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What's the difference between CO2 and N2 used in food packaging?

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CO2 is carbon dioxide and N2 is Nitrogen gas.

In either case, this is referred to as "Modified atmosphere packaging", which means the food is packaged in something other than simply "air".

The point of doing this is that it increases the shelf life of the product.

From the website of a company who sells machines that do this:

When modifying the atmosphere inside of a package, the amount of oxygen can typically be reduced to 3% or less. Inert gases used for MAP are typically denser than oxygen. As such, the oxygen inside the package is forced out of the package. This results in extended product shelf life, product integrity, protection against discoloration, and for products like chips, a cushion-like buffer against damage (this is commonly referred to as a “pillow pack”).

Carbon dioxide (CO2)
Carbon dioxide inhibits the growth of most aerobic bacteria and molds. Generally speaking, the higher the level of CO2 in the package, the longer the achievable shelf-life. However, CO2 is readily absorbed by fats and water - therefore, most foods will absorb CO2. Excess levels of CO2 in MAP can cause flavor tainting, drip loss and pack collapse. It is important, therefore, that a balance is struck between the commercially desirable shelf-life of a product and the degree to which any negative effects can be tolerated. When CO2 is required to control bacterial and mold growth, a minimum of 20% is recommended.
Nitrogen (N2) Nitrogen is an inert gas and is used to exclude air and, in particular, oxygen. It is also used as a balance gas (filler gas) to make up the difference in a gas mixture, to prevent the collapse of packs containing high-moisture and fat-containing foods, caused by the tendency of these foods to absorb carbon dioxide from the atmosphere. For modified atmosphere packaging of dried snack products 100% nitrogen is used to prevent oxidative rancidity.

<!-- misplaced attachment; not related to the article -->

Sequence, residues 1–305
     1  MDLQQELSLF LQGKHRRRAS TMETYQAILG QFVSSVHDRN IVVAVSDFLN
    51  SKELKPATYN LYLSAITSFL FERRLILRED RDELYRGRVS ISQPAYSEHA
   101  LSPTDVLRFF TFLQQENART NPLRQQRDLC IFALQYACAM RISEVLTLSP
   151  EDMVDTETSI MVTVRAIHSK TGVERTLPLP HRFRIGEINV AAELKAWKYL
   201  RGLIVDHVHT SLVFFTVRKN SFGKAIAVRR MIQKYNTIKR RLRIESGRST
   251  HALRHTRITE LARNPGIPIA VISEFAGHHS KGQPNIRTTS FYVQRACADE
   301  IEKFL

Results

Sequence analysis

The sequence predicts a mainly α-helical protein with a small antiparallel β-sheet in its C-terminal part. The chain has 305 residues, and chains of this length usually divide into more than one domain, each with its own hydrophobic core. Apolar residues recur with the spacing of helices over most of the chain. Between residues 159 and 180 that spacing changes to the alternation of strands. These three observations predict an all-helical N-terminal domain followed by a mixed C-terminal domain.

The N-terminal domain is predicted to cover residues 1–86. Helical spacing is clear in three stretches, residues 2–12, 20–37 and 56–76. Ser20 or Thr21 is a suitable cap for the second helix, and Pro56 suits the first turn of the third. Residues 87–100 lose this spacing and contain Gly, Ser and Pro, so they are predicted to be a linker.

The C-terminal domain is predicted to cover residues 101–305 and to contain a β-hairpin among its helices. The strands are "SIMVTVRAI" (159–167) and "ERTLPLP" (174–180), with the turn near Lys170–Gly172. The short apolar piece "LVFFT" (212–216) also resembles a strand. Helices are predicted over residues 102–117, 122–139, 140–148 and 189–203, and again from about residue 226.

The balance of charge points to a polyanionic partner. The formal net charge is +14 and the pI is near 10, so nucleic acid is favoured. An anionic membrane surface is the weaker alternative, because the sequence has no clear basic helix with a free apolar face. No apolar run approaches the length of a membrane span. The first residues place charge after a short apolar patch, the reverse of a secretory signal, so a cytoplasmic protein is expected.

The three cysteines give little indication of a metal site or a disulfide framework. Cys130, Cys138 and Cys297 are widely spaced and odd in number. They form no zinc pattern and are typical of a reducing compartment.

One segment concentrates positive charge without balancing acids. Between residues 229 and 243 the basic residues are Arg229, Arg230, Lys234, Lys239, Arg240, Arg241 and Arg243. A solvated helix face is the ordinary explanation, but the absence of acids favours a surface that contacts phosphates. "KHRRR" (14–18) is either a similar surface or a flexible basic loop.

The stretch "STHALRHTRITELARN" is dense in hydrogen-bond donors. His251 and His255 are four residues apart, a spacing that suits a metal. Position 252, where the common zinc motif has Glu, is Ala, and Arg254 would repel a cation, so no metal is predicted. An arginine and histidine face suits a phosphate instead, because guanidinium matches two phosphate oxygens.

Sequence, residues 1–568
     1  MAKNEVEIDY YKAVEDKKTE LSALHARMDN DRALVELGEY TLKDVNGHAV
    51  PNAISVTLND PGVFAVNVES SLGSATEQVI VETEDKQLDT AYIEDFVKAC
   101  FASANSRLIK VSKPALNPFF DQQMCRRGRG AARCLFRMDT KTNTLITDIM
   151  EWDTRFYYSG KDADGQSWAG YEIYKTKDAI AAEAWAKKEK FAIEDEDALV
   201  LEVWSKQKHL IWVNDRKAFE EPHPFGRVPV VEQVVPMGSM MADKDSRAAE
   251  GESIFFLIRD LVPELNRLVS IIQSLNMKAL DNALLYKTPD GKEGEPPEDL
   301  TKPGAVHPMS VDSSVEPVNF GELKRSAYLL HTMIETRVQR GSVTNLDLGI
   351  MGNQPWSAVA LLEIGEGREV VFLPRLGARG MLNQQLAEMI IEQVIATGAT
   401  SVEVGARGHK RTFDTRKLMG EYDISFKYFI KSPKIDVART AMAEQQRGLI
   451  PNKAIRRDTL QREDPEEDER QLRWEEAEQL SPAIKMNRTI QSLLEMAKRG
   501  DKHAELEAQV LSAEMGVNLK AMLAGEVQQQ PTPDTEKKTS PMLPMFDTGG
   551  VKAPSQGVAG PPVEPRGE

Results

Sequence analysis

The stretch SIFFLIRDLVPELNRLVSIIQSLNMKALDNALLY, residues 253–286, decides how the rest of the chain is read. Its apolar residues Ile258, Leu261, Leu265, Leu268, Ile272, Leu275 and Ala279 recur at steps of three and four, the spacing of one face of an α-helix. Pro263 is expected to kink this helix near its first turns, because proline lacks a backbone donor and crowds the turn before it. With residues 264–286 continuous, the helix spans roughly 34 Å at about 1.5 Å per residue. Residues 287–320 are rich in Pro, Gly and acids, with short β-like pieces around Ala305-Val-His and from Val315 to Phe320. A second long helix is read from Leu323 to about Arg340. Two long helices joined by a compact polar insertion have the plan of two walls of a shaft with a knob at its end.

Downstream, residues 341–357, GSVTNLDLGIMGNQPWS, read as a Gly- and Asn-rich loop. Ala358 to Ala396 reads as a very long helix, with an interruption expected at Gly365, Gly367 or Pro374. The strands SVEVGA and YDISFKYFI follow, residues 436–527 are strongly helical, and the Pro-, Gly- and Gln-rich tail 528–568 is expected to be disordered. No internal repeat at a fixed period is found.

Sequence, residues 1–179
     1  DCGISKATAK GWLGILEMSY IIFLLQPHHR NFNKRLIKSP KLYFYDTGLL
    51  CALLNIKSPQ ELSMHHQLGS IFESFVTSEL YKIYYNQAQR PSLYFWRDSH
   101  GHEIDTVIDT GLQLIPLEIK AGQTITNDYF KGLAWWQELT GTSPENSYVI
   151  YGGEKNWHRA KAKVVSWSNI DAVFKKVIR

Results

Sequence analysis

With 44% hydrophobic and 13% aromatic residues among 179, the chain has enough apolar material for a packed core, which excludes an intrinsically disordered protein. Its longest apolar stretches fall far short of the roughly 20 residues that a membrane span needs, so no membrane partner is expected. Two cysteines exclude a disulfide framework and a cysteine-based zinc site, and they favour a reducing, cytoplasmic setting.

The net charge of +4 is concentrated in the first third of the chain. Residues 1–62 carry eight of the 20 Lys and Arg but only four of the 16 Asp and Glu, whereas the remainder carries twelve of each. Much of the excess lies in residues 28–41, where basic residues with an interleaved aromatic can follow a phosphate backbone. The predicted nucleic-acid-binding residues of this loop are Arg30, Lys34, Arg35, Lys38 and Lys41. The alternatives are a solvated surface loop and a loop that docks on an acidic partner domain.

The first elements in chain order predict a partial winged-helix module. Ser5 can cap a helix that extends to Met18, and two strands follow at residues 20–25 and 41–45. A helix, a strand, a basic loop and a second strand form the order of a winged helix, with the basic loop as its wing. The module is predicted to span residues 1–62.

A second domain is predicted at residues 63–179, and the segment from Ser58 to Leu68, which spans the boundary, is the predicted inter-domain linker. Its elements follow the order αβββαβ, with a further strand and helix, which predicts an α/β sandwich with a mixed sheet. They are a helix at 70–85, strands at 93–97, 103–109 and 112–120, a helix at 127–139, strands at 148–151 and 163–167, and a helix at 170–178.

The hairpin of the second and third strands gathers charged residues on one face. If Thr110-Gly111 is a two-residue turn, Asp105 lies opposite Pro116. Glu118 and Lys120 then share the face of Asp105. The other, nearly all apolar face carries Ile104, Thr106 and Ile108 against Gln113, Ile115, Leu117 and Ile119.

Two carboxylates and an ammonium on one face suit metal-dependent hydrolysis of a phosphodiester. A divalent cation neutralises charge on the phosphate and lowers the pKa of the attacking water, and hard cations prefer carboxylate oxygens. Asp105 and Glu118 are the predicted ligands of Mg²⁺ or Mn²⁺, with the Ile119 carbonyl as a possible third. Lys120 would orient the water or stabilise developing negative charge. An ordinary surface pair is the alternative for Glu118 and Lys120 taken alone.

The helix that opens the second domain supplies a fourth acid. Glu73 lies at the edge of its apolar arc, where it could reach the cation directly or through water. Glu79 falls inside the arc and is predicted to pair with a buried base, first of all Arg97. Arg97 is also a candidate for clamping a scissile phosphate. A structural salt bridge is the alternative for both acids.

And additional clarity from the Wikipedia article on the subject:

The modification process often tries to lower the amount of oxygen (O2), moving it from 20.9% to 0%, in order to slow down the growth of aerobic organisms and prevent oxidation reactions. The removed oxygen can be replaced with nitrogen (N2), commonly acknowledged as an inert gas, or carbon dioxide (CO2), which can lower the pH or inhibit the growth of bacteria. Carbon monoxide can be used for preserving the red color of meat.

  • Air is typically 80% Nitrogen. – Octopus May 12 '17 at 21:20
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    Well... N2 is 100%, so I'm not sure how that's relevant. If you'd like to expand on your comment to make it more useful, that would be appreciated. – Catija May 12 '17 at 21:24
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    I just thought it was worth mentioning, because not everybody is aware that the majority of everyday air is Nitrogen. When food is packed in Nitrogen, you're not introducing anything new to the food, rather you're depriving it of the highly reactive chemicals O2, CO2, CO, etc. as you're excellent answer explains. – Octopus May 12 '17 at 21:33
  • I really appreciate your broadening your comment. It's significantly more helpful now! Thank you for your very valid points. – Catija May 12 '17 at 21:34

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